The TV show Twin Peaks has had a remarkable influence on video games, inspiring countless titles about strange northwestern towns filled with oddball characters, sleepy diners, and disturbing mysteries. As well as multiple games in The Legend of Zelda series. But it's worth mentioning that, at one point in time, there was actually a real Twin Peaks planned for the NES, which itself has become a source of mystery.
In 1991, New York publisher Hi-Tech Expressions announced that it had acquired the license and was working on a video game adaptation of the TV show, in the pages of magazines like Nintendo Power, Gameplayers and Gamepro.
Up until that point, Hi-Tech had primarily been focused on the children's market, making games based on IPs like Sesame Street, Tom & Jerry, and Barbie. But internally, the company wanted to break free of these constraints and work on some more adult and teen-oriented projects. Which is where Twin Peaks came in.
Shortly after airing in 1990, the TV show a phenomenon, with everyone wanting to know "Who killed Laura Palmer?" As a result, Hi-Tech saw an opportunity to cash in on the popularity and try to reposition itself as a more adult publisher. Though none of this would end up happening. Years passed, and nothing ever surfaced, with fans of the show left wondering whether a prototype of the game was ever created. And if Hi-Tech even had the license.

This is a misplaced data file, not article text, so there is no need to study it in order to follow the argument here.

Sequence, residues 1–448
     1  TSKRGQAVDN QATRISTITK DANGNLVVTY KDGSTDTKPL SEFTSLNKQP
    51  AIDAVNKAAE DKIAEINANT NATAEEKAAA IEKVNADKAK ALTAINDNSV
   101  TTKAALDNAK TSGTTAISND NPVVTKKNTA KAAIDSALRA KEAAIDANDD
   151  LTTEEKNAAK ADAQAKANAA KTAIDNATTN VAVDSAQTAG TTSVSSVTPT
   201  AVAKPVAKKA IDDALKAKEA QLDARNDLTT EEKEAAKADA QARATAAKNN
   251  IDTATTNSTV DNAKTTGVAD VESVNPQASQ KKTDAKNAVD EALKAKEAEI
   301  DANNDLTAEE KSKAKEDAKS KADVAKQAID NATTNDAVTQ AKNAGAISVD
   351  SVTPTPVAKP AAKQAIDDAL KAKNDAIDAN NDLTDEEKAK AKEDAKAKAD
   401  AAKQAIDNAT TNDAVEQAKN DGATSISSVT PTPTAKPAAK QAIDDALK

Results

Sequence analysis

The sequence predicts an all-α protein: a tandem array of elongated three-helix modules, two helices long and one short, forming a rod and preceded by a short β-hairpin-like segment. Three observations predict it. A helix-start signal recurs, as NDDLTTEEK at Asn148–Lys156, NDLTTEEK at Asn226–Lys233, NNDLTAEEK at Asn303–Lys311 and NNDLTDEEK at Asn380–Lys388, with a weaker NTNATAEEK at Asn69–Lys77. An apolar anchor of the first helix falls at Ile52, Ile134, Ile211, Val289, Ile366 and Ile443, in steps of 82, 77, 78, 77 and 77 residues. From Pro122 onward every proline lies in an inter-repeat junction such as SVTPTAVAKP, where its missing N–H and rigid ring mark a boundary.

Well, recently, we were able to find out the truth from speaking to Billy Pidgeon, a former producer at Hi-Tech Expressions. He told us over email that Hi-Tech did have the license, but that the project never entered full production. The reason for this was that the publisher questioned whether the company could handle its own ambitions for the game, and if it would even sell by the time it was boxed and ready to hit store shelves. Much of the work on the project was therefore based around reviewing the materials the licensors had sent over and trying to come up with a plan on how best to translate the show to NES.
"We discussed possible approaches to the game design and we decided the risks were disproportionately higher than potential rewards and that Twin Peaks viewers and NES players were not likely to overlap much in a year or two," Pidgeon tells us. "Our recommendation was to drop the license and the project. There was no design document created. And I don't believe there is anything more to the story."
So what ideas would Pidgeon and Hi-Tech have had in mind for Twin Peaks? Well, the producer was nice enough to give us a clue into the direction it could have taken.
"I thought the best approach would be a graphics and text adventure game with some RPG elements," he tells us. "It would have required a sophisticated text choice-based system that frankly did not yet exist. BioWare did create and perfect such a system, but that would be almost ten years later. We were looking at Maniac Mansion for inspiration.
"Ideas we threw around were: playing as different main characters through segues or from the beginning, multiple satisfying endings, lots of NPCs like Log Lady, surrealistic settings and crazy plot twists that would echo but not duplicate the show's story arc."
Sadly, today, there's really nothing tangible to show from Hi-Tech's conversations regarding the license. No design document, notes, or letters. The only evidence seems to be the magazine articles written about the game, promising a release that would never see the light of day. But at least, now fans can finally rest, with the mystery being to put to bed at last.